Angst floods social networks

No sooner does Time magazine place its fabled curse on the head of the Star Child than the fanboys begin to sidle toward the exits. “I’ve started to take one step back from the digital world,” tweets Nick Bilton, the New York Times’ chief tech blogger and resident future-dweller. He cops to the fact that “over the last few months, my wife and I have started to make a conscious effort to limit the use of our mobile phones during dinner or while spending time with family.” Bilton is not alone in giving in to the denetworking urge. Wired columnist Clive Thompson confesses that he has begun “to completely ignore his e-mail ‘from Friday night to Monday morning,’ so he doesn’t accidentally get involved in work and pulled away from his family.” Gizmodo reporter Joe Johnson has also begun pocketing his gizmo, at least when dining out with his girlfriend: “The two allocate a few moments to check-in on Foursquare or snap a quick picture, but then put their phones away.” Johnson’s boss, Brian Lam, muses that “an obsession with technology can ‘dilute the quality time we should spend with the people closest to us.’” Former Digg CEO Jay Adelson worries about “the increasingly damaging and fatiguing Twitter lifestyle.” All this neoluddite handwringing comes amid word, from TechCrunch, that Twitter’s US growth seems to be flatlining, with nary an uptick since the summer. Bilton senses a meme emerging. He wonders: “Is society as a whole retreating a bit from using technology in our personal relationships?”

9 thoughts on “Angst floods social networks


    Among those old enough to remember before 1990 and the circumspection to step back and think, a return to meat world makes good sense, even if only limited to certain intervals. Others refuse to watch TV or attend to news (propaganda) for similar reasons, though those choices are usually global rather than for specified times or activities. Among those too young or naive to know better, there is nowhere and nothing to retreat to. Thus, it’s probably too early yet to identify a trend. Of course, a complete loss of electricity would change all that.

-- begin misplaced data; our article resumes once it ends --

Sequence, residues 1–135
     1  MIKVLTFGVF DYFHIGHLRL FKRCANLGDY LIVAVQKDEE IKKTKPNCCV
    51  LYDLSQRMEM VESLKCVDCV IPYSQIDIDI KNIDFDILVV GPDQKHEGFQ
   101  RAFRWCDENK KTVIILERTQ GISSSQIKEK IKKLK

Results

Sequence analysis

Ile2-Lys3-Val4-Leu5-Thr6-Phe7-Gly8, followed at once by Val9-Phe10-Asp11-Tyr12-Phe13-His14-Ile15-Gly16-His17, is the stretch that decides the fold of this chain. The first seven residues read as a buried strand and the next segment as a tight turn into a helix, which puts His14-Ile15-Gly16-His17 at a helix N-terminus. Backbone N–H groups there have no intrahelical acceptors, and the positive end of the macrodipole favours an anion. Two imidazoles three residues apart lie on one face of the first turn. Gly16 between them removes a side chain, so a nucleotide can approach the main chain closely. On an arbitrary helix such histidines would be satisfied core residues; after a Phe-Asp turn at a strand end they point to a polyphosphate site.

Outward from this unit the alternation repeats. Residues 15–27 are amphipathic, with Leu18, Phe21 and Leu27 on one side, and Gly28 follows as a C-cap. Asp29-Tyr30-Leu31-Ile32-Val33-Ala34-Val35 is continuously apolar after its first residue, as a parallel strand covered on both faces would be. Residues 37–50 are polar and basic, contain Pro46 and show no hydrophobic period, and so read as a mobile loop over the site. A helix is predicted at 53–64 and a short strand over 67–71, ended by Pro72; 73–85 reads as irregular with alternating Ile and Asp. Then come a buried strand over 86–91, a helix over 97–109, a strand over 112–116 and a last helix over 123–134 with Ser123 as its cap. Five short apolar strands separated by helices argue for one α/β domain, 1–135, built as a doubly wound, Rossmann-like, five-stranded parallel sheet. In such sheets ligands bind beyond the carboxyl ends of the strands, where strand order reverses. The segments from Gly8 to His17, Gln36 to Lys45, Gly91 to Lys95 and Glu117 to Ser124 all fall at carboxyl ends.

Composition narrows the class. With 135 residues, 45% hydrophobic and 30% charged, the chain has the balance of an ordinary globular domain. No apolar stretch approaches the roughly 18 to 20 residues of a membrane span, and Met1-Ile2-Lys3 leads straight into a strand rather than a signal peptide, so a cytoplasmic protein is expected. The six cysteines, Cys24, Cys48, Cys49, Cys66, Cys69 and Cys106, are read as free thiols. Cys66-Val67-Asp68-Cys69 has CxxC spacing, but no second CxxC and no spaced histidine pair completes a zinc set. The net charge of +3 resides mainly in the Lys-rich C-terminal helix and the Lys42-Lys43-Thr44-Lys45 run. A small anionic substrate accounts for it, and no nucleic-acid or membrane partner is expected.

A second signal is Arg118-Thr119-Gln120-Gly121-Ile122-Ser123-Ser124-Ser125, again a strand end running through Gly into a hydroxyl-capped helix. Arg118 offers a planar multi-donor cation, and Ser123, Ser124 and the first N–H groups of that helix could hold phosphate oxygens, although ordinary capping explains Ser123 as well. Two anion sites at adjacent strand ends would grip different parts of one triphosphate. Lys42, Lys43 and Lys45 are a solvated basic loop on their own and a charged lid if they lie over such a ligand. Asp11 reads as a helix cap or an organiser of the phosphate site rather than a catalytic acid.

2. Anxiaostudio

    Yes, that’s something important to consider – all the folks “retreating” may be technology journalists, but they’ve known a world without screen-mediated socializing. If this is indeed a trend, we should expect to see it amongst a younger generation, i.e., those who’ve not known social life without Facebook, Twitter, and the like. Anecdotally, I have seen a general retreat amongst teenagers, but it’s hard to say if that’s true across the board.

  3. Andre Varga

    Astonishing how life became (should not, but…) dependant on electricity and internet. Sometimes if you go to bed without checking AGAIN your emails, twitter or any other “net-network” you feel blamed. Funny world this one became. Sometimes I miss the “analog-hardware-driven” world. Good ol´times.

    Congratz for your blog and 3 books. I´m just waiting for the portuguese version for ‘The Shallows’ to come in Brazil.

    Best regards. :) .

  4. Tom Chandler

    Maybe some are backing away, but the real test will be whether they slow down enough to think a bit.

    When I started in the marketing biz, I sometimes mailed copy to clients. Today I can send it around the world in a half-second, but I don’t think any faster than I did then.

    Does anyone else?

    Are they backing away to preserve some quiet, or re-start their brains?

  5. Seth Finkelstein

    Well, remember the rule of thumb: When a trend hits the cover of a mass media magazine, that means it’s over.